land or for making certain capital improvements to an existing farm. The
program is administered by the Ohio Rural Development Partnership within
Newsletter and Web Site: In order to maintain communications with the
large number of people and organizations interested in farmland preservation,
a quarterly newsletter was developed. The first newsletter was mailed to
over 550 interested parties. The web site, www.ohio.gov/agr/fpo/index.htm,
was developed to provide more up-to-date information on the Office and
farmland preservation news. In addition, a list serve will be developed
to allow interaction between individuals with questions regarding farmland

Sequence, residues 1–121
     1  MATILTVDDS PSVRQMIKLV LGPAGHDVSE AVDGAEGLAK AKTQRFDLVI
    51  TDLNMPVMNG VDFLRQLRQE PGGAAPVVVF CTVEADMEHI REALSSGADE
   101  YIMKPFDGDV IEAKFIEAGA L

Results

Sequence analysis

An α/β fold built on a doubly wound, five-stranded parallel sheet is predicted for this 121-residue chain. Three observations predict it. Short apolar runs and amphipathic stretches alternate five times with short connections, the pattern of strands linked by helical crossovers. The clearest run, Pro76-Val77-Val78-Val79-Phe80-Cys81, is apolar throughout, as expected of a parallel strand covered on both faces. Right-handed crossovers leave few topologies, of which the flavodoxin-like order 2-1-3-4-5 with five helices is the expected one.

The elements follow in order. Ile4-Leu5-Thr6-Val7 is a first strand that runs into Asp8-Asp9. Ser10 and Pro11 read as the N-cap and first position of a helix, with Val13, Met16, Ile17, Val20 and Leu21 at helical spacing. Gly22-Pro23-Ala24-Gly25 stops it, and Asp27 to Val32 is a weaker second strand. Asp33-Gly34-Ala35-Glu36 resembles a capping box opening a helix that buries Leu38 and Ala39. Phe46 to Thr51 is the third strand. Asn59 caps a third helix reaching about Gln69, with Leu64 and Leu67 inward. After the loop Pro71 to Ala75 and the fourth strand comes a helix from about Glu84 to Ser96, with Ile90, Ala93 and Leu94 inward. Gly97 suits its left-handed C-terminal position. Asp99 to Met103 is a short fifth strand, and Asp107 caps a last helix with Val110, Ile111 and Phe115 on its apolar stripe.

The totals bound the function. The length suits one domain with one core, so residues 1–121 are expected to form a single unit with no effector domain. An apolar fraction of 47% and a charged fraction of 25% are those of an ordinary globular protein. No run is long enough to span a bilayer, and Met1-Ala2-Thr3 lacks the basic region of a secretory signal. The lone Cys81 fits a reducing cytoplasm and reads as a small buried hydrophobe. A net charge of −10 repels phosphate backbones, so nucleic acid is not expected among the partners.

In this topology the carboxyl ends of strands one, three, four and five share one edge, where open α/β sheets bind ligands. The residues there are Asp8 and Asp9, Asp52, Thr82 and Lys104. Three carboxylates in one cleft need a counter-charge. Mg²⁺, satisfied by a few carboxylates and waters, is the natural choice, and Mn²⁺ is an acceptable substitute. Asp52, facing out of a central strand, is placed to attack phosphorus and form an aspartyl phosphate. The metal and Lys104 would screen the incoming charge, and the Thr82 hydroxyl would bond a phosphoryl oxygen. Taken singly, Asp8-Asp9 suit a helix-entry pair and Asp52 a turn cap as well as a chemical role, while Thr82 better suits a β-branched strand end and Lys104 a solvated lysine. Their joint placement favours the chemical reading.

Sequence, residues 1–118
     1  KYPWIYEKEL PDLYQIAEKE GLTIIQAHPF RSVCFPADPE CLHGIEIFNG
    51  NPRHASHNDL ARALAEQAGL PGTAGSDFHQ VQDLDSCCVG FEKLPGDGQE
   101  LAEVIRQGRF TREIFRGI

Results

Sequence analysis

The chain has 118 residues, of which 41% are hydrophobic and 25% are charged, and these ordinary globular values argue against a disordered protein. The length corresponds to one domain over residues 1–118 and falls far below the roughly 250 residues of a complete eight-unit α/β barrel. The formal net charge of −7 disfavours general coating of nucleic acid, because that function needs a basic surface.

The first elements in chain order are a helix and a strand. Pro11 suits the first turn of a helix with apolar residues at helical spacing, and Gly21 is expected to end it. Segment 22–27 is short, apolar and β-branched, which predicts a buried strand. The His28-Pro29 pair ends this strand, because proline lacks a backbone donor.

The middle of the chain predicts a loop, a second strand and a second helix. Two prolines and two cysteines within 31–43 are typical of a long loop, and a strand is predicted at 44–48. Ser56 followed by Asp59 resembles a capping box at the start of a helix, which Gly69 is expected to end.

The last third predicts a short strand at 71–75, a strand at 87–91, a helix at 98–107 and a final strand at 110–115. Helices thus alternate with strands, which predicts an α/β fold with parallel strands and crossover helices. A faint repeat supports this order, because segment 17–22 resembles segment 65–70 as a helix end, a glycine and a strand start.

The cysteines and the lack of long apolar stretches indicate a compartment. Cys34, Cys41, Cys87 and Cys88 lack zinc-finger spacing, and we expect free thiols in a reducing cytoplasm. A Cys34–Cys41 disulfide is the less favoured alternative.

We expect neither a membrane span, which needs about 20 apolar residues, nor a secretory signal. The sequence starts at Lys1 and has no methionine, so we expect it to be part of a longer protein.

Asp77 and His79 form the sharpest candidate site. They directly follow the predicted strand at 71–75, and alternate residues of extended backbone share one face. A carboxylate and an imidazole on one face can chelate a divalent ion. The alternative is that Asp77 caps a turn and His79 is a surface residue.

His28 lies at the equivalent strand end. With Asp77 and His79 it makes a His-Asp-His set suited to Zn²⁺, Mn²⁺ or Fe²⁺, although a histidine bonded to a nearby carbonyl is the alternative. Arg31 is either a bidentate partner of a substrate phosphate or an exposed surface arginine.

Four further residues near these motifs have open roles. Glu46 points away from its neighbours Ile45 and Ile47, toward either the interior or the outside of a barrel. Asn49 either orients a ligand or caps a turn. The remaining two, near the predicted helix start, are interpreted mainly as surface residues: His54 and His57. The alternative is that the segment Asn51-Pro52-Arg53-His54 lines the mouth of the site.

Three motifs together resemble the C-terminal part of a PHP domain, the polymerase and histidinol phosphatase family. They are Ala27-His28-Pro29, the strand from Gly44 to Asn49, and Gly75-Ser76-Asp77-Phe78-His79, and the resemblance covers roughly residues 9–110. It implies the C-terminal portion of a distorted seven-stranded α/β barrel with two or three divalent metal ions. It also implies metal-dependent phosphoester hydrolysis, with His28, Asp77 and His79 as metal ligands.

Why Preserve Farmland in Ohio?: Answer Lies
in Knowing All the Facts By Fred L. Dailey Fred L. Dailey, Ohio Secretary of Agriculture,
gives an impassioned position on the need to preserve farmland while at
the same time presenting a useful 'point counter point' to the foes of
farmland preservation. http://www.state.oh.us/agr/OpEd9.97.HTML
Farmland Protection Manual The Office provided technical assistance in the
revision of Common Groundwork: A Practical Guide to Protecting
Rural and Urban Land. This popular
manual, a joint project by several private and public entities, will be
an important tool for use by individuals and local governments interested
in farmland protection and other land use issues. http://www.state.oh.us/agr.html
"Nine council hopefuls have ideas to contain
urban sprawl," Columbus
Dispatch. May 5, 2001.
Scenic Ohio 150 E. Broad Street, Suite 505
Columbus, OH 43215